Who Traditionally Covers the Costs of a Wedding?
Advice from Prosperity Mansion & Farm, an outdoor, garden, Maryland wedding venue located in Frederick County Maryland and near Westminster.
One of the hardest things to navigate when it comes to planning a wedding is who is responsible for signing the checks. Is the couple responsible for everything? Do their families pitch in? Which family covers which parts of the wedding?
It's important to keep in mind that nothing about paying for your wedding is a hard and fast rule. While, yes, there are historically traditional guidelines for who pays for what at a wedding, that doesn't mean that you're required to follow them. Whatever works the best for your situations and the comfort of your families is how you should break up the costs of your wedding. At our wedding venue in Maryland, we have seen a variety of ways to split the costs for your wedding.
That being said, there are traditions you can follow if you don't know where to start. If you're a little lost on how to split your wedding bill, keep reading for some ideas!
The bride's family has historically been responsible for most of the big-ticket expenses at the wedding. This can include (but is not limited to): save-the-date notices, invitations, and any other stationary for the wedding, the bridal gown, hair and makeup for the bride, transportation for the bridesmaid, ceremony and reception costs, a wedding planner, and more. This is where most couples and their families decide to break tradition, so they can help ease the pressure from the bride's family and cover costs a bit more evenly.
In the past, the bride covered the costs of the groom's wedding band and thank-you gifts. It takes a lot to plan a wedding, so gifting her bridal party, both families, and her groom has become a lovely thank-you tradition. Some brides also help their families with their expenses to make sure her wishes are accounted for.
Often, the groom's family covers the costs related to the rehearsal dinner. This can include the invitations and the food for the rehearsal dinner, the alcohol and the cost of the DJ for the wedding. Groom's families have also paid for the flowers used in the bride's bouquet, and the boutonnieres and corsages for the groom, bridal party and groomsmen. Something that the groom's family can do to offset the costs of the bride's family is to fund the honeymoon for the happy couple.
Like the bride, the groom is the one who covers the cost of the bride's wedding band and her engagement ring, and most grooms cover the cost of buying or renting his wedding day attire. He also gives his groomsmen, his family, and his bride gifts to say thank you for helping him throughout the wedding planning process. Many grooms will chip in and help their families cover the cost of the honeymoon and their other wedding expenses as well.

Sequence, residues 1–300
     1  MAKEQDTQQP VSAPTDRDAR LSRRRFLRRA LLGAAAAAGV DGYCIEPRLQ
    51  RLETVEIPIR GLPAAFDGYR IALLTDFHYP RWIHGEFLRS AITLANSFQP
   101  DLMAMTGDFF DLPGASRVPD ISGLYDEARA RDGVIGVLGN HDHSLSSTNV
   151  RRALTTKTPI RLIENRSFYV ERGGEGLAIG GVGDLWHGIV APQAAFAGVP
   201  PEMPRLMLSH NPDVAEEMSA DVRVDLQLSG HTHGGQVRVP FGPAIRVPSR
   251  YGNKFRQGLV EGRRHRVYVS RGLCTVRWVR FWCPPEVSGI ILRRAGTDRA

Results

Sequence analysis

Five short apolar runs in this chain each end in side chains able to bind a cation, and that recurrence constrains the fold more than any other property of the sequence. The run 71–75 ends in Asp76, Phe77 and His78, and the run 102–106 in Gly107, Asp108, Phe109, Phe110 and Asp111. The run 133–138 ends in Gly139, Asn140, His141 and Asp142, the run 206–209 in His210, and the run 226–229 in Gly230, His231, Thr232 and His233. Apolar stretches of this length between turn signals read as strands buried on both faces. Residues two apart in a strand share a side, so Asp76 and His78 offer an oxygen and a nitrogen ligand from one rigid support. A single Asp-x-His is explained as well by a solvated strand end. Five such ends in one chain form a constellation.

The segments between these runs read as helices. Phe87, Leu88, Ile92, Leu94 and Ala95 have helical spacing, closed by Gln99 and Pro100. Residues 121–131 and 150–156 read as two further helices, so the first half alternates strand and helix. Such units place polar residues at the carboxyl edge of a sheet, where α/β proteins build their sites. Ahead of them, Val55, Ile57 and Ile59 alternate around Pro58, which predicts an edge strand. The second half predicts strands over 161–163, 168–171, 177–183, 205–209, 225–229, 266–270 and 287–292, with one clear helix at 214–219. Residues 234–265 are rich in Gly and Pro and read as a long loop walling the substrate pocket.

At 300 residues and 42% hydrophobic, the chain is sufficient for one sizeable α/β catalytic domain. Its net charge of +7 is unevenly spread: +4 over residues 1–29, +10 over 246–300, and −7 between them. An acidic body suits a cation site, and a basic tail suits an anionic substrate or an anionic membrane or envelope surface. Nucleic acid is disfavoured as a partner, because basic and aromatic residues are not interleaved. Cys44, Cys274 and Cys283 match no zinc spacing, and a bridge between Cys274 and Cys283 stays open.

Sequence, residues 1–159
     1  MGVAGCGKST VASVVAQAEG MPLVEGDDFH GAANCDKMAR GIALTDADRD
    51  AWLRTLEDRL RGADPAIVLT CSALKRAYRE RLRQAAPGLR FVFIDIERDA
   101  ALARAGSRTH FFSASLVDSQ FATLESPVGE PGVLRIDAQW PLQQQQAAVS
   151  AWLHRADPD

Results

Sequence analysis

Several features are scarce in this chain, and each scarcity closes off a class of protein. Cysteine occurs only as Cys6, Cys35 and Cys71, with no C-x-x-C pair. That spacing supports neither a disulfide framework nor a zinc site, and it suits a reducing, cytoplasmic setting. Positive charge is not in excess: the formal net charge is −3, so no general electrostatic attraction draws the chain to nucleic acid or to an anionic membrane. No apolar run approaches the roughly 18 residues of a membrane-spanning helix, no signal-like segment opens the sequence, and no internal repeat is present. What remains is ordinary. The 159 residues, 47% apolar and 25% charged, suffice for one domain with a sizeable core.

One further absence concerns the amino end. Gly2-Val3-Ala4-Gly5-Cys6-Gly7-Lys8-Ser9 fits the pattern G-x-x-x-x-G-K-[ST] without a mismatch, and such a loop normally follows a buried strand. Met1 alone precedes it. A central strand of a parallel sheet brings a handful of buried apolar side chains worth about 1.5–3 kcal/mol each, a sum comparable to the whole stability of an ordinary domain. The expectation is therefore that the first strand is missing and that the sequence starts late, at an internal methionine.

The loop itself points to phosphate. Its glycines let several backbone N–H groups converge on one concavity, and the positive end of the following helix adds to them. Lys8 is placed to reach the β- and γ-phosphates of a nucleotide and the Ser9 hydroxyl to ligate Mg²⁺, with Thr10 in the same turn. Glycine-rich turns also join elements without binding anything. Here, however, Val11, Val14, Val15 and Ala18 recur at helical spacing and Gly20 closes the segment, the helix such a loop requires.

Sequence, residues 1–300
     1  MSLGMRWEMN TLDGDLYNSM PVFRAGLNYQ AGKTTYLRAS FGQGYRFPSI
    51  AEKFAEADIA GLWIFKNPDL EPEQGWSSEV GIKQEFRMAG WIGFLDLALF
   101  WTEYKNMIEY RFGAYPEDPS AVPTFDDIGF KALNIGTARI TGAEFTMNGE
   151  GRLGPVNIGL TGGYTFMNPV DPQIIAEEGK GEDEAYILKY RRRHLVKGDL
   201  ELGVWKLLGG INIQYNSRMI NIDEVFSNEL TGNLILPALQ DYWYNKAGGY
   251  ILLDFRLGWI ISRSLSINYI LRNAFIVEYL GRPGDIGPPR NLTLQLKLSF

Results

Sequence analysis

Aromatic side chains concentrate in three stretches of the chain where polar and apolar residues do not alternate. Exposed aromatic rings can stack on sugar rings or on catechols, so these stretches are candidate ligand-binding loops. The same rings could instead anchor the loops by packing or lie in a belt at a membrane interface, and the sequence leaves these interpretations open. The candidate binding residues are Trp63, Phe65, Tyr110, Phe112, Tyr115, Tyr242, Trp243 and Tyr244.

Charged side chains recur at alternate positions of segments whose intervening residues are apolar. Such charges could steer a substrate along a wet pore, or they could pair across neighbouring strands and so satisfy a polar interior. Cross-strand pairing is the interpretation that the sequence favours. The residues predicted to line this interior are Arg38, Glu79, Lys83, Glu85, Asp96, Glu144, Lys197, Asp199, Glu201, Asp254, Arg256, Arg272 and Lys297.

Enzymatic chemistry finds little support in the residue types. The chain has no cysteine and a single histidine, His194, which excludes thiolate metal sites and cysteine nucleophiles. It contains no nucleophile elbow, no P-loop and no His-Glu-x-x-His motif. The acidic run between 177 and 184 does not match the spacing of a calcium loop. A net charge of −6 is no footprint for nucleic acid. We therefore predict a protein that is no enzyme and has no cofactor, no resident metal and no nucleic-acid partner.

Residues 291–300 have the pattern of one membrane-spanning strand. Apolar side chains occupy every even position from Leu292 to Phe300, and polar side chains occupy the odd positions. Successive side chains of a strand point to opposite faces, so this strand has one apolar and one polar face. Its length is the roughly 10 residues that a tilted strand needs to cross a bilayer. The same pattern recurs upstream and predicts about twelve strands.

As with all wedding traditions, this is not set in stone and the budget can be separated in many different ways. The best thing to do is to arrange a meeting with both families at the beginning of your planning process to discuss the breakdown of the wedding costs. The things you should talk about when deciding how to split up costs are: how many people each family wants to invite, the expectations everyone has, and how much money is available from each side. You can use this information to help decide the breakdown. For example, some couples decide that the family who invites more guests will pay more costs. If the grooms family wants more expensive food , liquor, venue etc. then they can and morally should put up the additional cost.
If money is a constraint, that should be something that's clearly established up front. One way to prevent anyone from stress about covering the cost is to say “Here's how much I can afford for the wedding. I can't go any higher than this.” That way, the budget is firm and everyone knows what you can and can't cover for this wedding. If the couple wants more then they can cover the additional costs themselves. There is nothing wrong with the couple kicking in for the wedding of their dreams if the family cannot or won't cover the cost.
The last thing you want when it comes to paying for a wedding is to have a stressful experience or a disagreement between your families. If things get heated, the best thing to do is to end the meeting and put in writing what you have discussed so far, send it out to everyone, and reconvene once some time has passed. That way, everyone has time to cool down and is coming to the meeting with a fresh understanding of the situation.
A key thing to remember is the bride and groom's wishes for their wedding. Parents in particular can sometimes get caught up in what they want to see in their child's wedding. They often feel that, because they're the ones who are paying, they should be able to choose what they spend their money on. This is an understandable feeling, but it's not their wedding. The wedding is to celebrate the happy couple above all else, and they should be the primary focus for their big day. They shouldn't look back at their wedding and be upset that it wasn't the day they wanted.
If you're struggling to decide how to split the bill for your wedding, we hope that we were able to give you some ideas about where to start. Prosperity Mansion & Farm wants to ensure that you have the best outdoor and garden wedding that you can, without having to worry about the costs. Our Frederick wedding venue is here to give you whatever advice we can!
Photo via Globalnews.ca
Prosperity Mansion & Farm is committed to providing a beautiful wedding venue that is affordable to all couples. Our budget friendly venue allows you to celebrate your big day and then move on to the next phase of your relationship without financial burdens.
Prosperity Mansion & Farm proudly serves:
Carroll County Maryland
Montgomery County Maryland
Anne Arundel County Maryland
Loudoun County Virginia and more
Contact us at: 443-350-8100